Not feeling quite as peppy as you'd like as you contemplate the scholarly song and dance routines you'll be performing in front of your undergraduates this year? Are your eyes feeling as glazed as theirs have always been? Is your energy level falling as the line of advisees at your office door begins to stretch outward towards the crack of doom? Can't quite muster the passion you used to feel in your adminstrative role as subdirector of university internships and special projects liaison?
Have you considered that it might not be the Back to School Blues taking their annual hold? If you are a scholar whose ENTHUSIASM!!!!! has gone the way of your last significant pay raise, consider that you may be suffering a serious humoral imbalance.
Fortunately, medieval medicine offers a quick way to diagnose your ills:
(1) pee in a small jar
(2) take your browser to the following site (you should probably wash your hands first) (I can't believe that I even have to remind you of that at this point in your life): The Relation Between Text and Colours in Medieval Urine Wheels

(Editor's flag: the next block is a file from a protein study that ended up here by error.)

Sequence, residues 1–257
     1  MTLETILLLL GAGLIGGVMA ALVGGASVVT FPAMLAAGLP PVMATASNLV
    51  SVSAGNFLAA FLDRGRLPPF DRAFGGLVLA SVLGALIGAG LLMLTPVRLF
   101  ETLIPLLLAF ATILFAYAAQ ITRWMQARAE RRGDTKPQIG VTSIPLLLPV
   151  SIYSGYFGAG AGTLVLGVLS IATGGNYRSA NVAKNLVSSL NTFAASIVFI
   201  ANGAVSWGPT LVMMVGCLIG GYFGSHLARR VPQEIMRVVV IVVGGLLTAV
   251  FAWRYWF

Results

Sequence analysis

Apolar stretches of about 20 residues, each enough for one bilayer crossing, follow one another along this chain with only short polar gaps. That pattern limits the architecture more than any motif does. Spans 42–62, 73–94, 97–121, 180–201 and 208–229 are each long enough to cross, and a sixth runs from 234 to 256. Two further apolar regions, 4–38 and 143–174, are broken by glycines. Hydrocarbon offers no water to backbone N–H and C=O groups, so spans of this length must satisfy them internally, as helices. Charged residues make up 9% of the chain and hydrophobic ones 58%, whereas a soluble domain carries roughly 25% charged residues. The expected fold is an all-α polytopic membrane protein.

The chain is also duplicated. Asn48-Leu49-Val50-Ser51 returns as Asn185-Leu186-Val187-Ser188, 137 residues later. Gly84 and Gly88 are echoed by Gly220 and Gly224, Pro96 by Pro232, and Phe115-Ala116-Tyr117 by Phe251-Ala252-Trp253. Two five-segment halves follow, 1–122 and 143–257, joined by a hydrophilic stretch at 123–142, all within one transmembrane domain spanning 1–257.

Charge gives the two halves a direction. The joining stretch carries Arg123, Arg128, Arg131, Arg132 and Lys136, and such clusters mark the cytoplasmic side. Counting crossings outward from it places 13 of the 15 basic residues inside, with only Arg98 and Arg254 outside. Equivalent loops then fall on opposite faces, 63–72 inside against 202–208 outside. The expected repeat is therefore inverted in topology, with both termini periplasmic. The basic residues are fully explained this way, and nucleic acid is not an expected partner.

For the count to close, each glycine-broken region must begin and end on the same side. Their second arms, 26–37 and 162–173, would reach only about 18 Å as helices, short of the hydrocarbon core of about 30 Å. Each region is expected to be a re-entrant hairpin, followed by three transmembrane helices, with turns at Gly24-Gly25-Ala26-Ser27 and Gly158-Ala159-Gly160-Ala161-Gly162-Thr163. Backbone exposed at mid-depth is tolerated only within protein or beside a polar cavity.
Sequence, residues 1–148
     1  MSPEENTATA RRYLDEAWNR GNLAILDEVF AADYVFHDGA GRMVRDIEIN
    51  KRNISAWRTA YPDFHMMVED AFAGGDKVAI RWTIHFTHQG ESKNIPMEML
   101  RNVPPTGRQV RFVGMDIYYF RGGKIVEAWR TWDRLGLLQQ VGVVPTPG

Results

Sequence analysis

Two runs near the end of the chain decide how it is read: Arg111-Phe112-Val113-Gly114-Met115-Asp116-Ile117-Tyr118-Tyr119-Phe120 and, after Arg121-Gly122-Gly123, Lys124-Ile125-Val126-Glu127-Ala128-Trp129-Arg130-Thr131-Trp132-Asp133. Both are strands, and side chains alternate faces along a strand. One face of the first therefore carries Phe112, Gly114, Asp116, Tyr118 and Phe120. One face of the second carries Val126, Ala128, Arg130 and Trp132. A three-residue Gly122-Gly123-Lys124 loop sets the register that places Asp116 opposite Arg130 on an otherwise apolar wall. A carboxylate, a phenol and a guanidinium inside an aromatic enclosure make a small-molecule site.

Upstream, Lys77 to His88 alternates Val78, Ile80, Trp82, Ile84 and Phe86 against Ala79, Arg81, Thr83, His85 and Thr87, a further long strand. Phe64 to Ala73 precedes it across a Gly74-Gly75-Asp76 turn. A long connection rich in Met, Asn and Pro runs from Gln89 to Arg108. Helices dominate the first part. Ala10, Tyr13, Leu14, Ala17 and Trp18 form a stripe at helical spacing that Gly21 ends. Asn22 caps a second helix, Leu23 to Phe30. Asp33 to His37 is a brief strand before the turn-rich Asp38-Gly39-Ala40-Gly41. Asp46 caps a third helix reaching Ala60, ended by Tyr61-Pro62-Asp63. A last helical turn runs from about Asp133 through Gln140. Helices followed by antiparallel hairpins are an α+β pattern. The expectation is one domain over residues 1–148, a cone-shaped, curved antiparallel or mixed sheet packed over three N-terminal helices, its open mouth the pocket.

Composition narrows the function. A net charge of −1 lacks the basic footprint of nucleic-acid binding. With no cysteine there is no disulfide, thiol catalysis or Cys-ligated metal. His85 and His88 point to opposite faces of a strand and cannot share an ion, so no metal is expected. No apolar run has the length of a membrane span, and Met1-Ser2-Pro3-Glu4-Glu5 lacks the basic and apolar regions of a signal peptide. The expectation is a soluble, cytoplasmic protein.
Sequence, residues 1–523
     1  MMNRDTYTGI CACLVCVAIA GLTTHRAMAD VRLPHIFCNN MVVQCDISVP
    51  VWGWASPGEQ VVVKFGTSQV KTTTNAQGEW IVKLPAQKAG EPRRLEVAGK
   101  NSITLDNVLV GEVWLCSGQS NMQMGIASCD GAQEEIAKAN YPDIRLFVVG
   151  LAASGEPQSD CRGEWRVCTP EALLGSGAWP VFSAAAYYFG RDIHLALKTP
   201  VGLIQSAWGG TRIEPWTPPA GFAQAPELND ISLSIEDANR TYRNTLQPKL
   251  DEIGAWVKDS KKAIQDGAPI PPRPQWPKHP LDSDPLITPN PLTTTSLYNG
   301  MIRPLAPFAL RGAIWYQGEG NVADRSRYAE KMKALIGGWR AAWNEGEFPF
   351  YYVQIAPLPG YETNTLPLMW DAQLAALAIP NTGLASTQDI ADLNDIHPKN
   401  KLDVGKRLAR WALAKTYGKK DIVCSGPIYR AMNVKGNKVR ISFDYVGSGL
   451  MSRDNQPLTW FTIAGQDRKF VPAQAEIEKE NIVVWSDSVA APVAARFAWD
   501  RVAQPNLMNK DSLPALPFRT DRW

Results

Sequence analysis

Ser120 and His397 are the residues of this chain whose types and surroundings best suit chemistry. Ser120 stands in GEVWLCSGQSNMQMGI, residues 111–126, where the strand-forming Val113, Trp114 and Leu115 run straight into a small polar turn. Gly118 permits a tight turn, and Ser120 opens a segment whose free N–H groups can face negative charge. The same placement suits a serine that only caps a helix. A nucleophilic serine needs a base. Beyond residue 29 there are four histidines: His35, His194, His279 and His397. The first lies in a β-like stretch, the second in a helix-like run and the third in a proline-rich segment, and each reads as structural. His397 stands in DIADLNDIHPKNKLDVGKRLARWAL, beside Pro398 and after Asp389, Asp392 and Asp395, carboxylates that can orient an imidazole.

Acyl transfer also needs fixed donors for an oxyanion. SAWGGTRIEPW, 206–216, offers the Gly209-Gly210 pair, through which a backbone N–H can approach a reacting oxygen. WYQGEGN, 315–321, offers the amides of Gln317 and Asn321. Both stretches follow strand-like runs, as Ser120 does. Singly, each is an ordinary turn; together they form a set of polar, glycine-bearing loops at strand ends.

(3) wonder what those odd stains are at the top of manuscript NKS Fol. 84b, sheet 5
(4) match the color of your bladder's contents to the colors reproduced in the medieval wheels on this page
If your liquid waste is caropos color ut vellus cameli (bluish-grey as camel skin), subpallidus color ut succus carnis semicoctus non remisse (slightly pale as a not reduced juice of meat) or rubeus ut crocus orientalis (red as oriental saffron), then cancel your office hours immediately! Walk away from your Chaucer text! Flee your campus and its needy little students! Go home and rest. Better yet, take a recuperative sabbatical until your urine returns to its normal shade. Doctor's orders.
(thanks, Nelljean Rice, poet/jester of BABEL)